Monday, November 05, 2007

A Little Chickadee


The bird feeders at the cabin were busy this weekend. I saw most of the usual winter suspects. This little fellow is a black-capped chickadee with a seed in his beak. In this area, I’m supposed to be politically correct and refer to the chickadees I see as "chickadee species," since both Carolina and black-capped chickadees are present and will interbreed. (And since they do, doesn’t this make them a single species? But I digress.) Just to be clear, I am not now, nor have I ever been politically correct, so I’m saying this cute little one is a black-capped chickadee.

I do have Carolina chickadees at the feeders too, though they are still in the minority (but a growing minority). When I get a good photo of one of those I’ll post it so we can compare. The reasons I’m calling this little cutie a black-capped chickadee is 1) because its white face patch continues as bright white throughout the patch. In Carolina chickadees, the white patch fades to a pale gray past the eye. 2) This fellow also has a nice amount of white on the wing edgings. White wing edgings are in short supply on Carolinas. 3) The bird is quite buffy on its belly, which you can only just see a tiny bit around its legs. The Carolinas are pretty uniformly gray underneath, with little or no buffy color.

You might also notice the background of this photo. Yes, there’s yellow back there, but also quite a bit of green, which is completely atypical for November 4 (when I took this photo). I’ve never known of any year where the leaves weren’t completely down by November 1. But this year, not only are many not down yet, many are even still green!

The leaf change has come in stages this year. At the moment I’m in stage four, and I suspect there will be at least one more to come. By stages I mean that some leaves turn color, then a good wind will come along and all those leaves will drop. What’s left are leaves that are still green. Late last week it looked like late August or mid-September again for a few days. In a normal year, there are no "stages." The leaves simply all turn color and drop within a week a so, gone with October’s end. Even the local weatherman remarked on the leaves this morning—the first time I’ve heard anyone else mention it or even notice it locally.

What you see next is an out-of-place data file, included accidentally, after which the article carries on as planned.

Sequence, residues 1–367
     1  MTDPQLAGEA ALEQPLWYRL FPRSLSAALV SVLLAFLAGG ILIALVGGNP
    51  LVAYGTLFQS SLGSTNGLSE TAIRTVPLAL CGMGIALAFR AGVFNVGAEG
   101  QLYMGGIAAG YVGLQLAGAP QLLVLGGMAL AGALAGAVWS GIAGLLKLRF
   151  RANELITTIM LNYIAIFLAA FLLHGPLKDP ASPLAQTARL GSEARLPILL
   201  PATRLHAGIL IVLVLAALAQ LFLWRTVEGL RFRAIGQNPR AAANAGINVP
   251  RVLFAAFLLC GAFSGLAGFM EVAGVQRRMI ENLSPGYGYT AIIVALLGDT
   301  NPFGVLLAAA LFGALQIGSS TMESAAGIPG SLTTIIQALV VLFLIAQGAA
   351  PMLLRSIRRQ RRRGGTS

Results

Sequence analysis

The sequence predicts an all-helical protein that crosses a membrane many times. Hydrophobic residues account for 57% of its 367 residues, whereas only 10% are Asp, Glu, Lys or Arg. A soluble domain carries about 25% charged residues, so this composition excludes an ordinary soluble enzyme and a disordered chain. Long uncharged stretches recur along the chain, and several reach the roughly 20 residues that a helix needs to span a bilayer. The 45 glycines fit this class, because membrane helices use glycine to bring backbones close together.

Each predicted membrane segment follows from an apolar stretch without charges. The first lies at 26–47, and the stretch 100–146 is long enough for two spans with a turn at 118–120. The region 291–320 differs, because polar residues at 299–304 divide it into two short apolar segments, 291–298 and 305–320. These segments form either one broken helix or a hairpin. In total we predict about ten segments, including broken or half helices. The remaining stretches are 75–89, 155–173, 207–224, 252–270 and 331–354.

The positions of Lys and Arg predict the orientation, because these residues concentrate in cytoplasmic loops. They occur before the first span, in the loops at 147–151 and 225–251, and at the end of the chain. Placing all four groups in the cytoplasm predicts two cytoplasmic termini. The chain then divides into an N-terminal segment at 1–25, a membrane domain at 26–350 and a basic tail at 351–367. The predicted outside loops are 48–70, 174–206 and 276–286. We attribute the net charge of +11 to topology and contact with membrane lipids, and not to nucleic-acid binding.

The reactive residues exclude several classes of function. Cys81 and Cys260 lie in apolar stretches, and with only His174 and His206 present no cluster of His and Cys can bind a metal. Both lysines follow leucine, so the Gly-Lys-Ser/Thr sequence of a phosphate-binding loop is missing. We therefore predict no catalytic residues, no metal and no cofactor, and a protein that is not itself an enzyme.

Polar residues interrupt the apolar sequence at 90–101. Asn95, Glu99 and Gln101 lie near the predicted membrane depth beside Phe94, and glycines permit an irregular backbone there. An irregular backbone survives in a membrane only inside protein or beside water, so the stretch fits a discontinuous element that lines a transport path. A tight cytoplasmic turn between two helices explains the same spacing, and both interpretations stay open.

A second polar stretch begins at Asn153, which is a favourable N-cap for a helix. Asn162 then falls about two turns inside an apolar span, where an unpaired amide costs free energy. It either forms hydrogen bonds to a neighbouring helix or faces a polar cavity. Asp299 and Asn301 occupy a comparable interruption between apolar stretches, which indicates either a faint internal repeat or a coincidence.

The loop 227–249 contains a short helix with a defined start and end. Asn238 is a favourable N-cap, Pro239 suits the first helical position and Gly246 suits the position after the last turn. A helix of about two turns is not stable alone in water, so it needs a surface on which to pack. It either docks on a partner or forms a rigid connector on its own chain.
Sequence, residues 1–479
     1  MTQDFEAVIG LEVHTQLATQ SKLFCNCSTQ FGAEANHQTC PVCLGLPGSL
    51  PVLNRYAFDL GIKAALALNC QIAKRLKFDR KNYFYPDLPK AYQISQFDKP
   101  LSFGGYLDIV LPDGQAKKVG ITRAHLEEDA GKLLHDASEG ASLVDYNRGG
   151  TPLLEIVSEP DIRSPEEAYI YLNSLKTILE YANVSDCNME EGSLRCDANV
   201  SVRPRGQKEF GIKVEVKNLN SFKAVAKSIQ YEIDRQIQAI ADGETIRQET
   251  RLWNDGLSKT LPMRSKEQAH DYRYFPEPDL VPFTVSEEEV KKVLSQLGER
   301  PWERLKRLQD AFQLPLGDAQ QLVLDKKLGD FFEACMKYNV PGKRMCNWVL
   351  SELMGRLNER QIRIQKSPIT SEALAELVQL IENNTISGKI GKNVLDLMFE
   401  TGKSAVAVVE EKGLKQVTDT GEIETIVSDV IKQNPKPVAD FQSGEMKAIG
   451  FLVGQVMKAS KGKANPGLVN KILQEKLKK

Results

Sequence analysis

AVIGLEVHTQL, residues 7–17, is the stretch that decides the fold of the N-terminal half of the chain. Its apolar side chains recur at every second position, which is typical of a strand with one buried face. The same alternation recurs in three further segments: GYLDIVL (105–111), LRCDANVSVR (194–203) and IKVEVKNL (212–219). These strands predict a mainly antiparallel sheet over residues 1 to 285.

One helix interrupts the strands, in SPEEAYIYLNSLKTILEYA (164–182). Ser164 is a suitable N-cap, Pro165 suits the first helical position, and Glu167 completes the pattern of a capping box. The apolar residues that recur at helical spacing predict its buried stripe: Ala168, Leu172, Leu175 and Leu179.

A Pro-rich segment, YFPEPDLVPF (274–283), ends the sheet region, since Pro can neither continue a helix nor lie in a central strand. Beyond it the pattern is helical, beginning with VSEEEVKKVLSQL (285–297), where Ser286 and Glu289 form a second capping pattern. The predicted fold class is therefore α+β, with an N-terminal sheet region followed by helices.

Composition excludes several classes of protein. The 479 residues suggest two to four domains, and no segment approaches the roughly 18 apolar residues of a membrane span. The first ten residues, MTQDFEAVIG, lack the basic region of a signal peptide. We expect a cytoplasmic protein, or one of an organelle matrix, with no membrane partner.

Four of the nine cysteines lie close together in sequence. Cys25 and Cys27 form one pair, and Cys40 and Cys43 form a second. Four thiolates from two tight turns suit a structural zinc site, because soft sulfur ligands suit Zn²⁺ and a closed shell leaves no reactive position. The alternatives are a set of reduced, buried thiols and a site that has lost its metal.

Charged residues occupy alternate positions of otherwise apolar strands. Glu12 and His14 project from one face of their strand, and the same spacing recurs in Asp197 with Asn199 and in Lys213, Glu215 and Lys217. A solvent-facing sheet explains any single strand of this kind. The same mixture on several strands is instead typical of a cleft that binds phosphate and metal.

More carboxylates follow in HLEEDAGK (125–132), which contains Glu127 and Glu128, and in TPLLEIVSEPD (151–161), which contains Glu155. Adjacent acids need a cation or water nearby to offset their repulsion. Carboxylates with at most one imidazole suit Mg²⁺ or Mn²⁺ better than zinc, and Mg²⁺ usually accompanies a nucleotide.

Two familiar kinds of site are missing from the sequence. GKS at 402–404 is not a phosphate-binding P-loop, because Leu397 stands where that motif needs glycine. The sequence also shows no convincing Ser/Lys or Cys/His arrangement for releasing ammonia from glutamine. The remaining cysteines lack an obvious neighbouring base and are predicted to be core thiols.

The temperature is near normal for November, at the moment. I’m guessing the record warmth in October is the culprit for the weird and late leaf drop this year. Who know what will happen next? I’m trying to hold out hope for a decent winter, but I’m not sure I really believe it will happen anymore.

10 comments:

PA-Birder said...

Ah, the great Chickadee debate! I look for the Greater Upper Wing Covets being white or not (i.e. the hocky stick on the wing), size and neatness of bib and whitness of nape. If I'm not sure after this, then its a hybrid. And I agree with you, if they can interbreed aren't they the same species? Of course that is only my 5th grade understanding of these t hings.
Vern

Cathy said...

Yes, it seem the leaves are hanging around this year. However I just check the the 7 day forecast, hmm the word snow is entering the picture for up here. There's call for light snow for Thursday's night. Only 30% chance but I do miss seeing the snow fall.

Ok I got to go back to work.

dguzman said...

Wow, I've never noticed Carolinas at my feeders, but maybe I've just been assuming they're all BCs because I'm out of range for the Carolinas. ?? Perhaps I'll look more closely.

Oh, don't even try to second-guess the ABA on the hybrid/species issues. I think they're using DNA now to make those determinations, but it could just be voodoo, too. Who knows?

Carolyn H said...